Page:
We know D.C. Get our free newsletter to stay in the know.
So this morning, Mayor Vince Gray and the U.S. Environmental Protection Agency announced an initiative to enhance the landscaping and pedestrian experience around the Anacostia metro station. That’s great. It’s one of the most confusing and hard-to-get-to stations in the whole system, garlanded by intersections, and could sure use some upgrades.
But the bigger problem with that area isn’t sidewalks or street trees. Rather, it’s the absence of any significant commercial, office, or residential development within a quarter-mile radius, which is the magic number for destinations to fall within walking distance. The primary uses in direct proximity to the Metro station are schools and churches, which are only in use for limited periods. Most of the land is just empty, including a grassy field across Howard Road that’s owned by the Washington Metropolitan Area Transit Authority, and four acres kitty corner from the station bought by Bethlehem Baptist Church in 2002 and never developed. The latter was even identified in a 2004 Office of Planning study, approved by the Council, as “the most promising site for early development,” able to handle 230-250 residential units and 11,000-15,000 square feet of retail.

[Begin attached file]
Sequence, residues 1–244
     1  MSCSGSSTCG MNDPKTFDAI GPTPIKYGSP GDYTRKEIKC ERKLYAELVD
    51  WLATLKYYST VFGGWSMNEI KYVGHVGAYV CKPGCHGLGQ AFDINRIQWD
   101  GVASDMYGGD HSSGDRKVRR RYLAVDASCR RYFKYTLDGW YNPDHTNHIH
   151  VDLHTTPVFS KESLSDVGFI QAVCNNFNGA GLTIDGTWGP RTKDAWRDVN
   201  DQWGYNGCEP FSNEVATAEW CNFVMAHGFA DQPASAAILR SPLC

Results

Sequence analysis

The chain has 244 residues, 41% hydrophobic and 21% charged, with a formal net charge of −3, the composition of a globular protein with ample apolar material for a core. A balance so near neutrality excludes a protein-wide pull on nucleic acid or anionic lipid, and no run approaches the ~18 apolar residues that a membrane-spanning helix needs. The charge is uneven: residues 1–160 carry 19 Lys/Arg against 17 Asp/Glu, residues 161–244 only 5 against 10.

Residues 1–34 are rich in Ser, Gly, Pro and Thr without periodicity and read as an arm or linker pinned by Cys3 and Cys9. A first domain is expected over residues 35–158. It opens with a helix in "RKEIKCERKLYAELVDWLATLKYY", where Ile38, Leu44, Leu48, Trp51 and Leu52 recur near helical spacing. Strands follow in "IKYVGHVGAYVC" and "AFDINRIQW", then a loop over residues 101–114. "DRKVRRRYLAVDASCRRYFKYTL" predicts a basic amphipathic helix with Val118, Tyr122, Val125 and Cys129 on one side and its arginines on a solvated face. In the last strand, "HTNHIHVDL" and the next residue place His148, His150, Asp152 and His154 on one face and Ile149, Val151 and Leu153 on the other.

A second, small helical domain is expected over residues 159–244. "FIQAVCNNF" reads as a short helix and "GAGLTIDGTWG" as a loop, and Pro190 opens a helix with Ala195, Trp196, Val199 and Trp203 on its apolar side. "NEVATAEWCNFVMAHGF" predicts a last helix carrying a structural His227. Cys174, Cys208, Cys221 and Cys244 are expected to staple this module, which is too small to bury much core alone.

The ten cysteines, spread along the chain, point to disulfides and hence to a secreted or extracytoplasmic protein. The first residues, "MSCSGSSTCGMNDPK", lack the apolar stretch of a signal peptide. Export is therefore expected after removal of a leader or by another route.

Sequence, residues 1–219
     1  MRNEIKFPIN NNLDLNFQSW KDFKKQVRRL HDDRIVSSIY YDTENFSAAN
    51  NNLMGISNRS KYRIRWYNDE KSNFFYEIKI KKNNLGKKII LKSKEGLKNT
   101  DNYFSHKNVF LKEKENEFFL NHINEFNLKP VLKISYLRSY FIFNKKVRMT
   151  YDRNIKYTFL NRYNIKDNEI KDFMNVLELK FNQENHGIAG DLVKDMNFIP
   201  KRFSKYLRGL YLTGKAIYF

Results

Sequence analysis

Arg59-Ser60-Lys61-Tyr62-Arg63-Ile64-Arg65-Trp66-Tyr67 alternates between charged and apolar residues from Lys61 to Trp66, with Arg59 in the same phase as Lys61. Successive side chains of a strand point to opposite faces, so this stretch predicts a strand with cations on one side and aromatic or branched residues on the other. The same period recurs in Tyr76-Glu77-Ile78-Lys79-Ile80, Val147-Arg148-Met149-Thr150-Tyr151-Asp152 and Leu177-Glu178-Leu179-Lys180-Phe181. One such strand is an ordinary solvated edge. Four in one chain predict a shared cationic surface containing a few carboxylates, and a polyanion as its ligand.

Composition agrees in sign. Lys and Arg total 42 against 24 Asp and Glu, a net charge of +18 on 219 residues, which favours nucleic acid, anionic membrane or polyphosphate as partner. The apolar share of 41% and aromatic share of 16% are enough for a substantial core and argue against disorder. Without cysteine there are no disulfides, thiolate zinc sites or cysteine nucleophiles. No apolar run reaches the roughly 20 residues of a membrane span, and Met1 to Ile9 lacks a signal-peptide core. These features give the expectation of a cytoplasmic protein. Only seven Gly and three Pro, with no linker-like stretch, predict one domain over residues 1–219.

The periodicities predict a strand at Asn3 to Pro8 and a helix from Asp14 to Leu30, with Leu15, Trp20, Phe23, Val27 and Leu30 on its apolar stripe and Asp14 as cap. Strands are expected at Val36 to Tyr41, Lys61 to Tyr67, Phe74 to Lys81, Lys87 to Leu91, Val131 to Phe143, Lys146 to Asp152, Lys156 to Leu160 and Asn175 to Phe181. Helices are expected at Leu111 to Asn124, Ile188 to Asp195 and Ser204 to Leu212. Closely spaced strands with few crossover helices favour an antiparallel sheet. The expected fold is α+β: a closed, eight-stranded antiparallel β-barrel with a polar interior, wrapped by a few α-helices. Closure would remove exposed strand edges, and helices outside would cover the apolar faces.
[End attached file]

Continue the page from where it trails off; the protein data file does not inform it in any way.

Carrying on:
According to local Advisory Neighborhood Commissioner William Ellis, WMATA contemplated buying the church site in 2009 for a new headquarters building, but never followed through. He hasn’t heard any rumblings from the church about developing its vacant land (which is, at least, current on its property taxes).
Now, I realize the difficulty of luring developers East of the River. But if the feds and the District are serious about improving the environmental qualities of that area, they should buy it and build housing there themselves. Even if the funds don’t exist to do that, it’s bizarre to not even mention the nonexistent density around that site in a whole media event around greening the station.